Etzebeth is an interesting example but van Graan clearly has no issue with the looming equality court case where the 28-year-old is accused of allegedly using racial slurs during a physical altercation outside a Langebaan bar in the Western Cape on August 25th. Etzebeth denies any wrongdoing.
“Siya [Kolisi], to see where he came from, he was a young gun in 2012, he got selected in 2013 and I was with him when he ran onto the field when Arno Botha tore his ACL,” van Graan continued. “I just told him ‘Siya, this is just another game, do what you always do’.
“Now, six years later he is the World Cup-winning captain. It’s incredible what he has done. And he is a family man.
“I have a few special guys on that team. Francois Louw I have coached before and Duane Vermeulen. Handré Pollard is an incredible human being the way he has come through.”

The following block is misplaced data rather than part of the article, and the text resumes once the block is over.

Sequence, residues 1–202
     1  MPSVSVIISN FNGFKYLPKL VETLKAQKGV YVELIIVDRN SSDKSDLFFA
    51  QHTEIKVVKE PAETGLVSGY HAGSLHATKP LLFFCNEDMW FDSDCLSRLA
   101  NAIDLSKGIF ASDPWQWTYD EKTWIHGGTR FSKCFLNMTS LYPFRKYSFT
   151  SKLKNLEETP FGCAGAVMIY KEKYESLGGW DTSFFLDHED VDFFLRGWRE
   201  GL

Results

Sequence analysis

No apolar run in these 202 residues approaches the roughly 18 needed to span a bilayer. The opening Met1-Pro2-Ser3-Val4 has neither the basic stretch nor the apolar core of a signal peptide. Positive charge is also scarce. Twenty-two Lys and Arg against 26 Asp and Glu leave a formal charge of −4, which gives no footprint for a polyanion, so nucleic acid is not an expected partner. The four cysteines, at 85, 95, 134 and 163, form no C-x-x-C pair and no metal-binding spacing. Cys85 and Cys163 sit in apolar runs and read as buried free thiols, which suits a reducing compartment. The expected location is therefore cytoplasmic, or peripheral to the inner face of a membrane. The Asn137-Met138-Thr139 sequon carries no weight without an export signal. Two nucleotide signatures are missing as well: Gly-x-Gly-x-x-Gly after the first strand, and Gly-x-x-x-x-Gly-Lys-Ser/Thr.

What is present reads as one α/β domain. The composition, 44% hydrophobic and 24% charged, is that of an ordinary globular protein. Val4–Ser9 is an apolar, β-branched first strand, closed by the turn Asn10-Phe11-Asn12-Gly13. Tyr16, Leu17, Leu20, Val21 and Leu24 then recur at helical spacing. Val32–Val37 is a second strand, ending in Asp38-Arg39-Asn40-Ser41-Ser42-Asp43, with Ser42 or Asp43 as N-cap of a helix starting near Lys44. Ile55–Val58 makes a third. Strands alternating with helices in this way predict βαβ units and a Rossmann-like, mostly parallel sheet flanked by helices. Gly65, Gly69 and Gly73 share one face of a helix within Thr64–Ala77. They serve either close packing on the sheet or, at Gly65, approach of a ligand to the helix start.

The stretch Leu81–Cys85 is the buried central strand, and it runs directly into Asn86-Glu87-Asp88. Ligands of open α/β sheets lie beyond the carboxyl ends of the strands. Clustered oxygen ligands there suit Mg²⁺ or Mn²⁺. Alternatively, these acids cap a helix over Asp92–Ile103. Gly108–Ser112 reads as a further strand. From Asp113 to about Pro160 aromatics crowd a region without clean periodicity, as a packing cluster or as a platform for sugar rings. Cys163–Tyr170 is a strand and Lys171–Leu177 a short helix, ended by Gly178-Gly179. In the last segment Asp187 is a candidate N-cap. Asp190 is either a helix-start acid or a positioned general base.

Once it got to the final, after two minutes, it was clear South Africa would win
Van Graan paid further tribute to several of Rassie Erasmus’s backroom team, including Felix Jones, before an emotional explanation of what this success means to South Africa as a country.
“What I experienced I’ll try and explain it the Munster way. What I experienced in this community – pride, passion belief, respect – and that’s why I came to Munster, because I am a South African and associate with those words.
“But to see the difference it makes in people’s lives is incredible.”
Set piece dominance
For now Munster can only “dream” of playing and winning the Springbok way. The arrival of de Allende and Snyman would allow van Graan to put into practice the set piece pressure game that wiped out a Saracens-heavy English pack in Yokohama.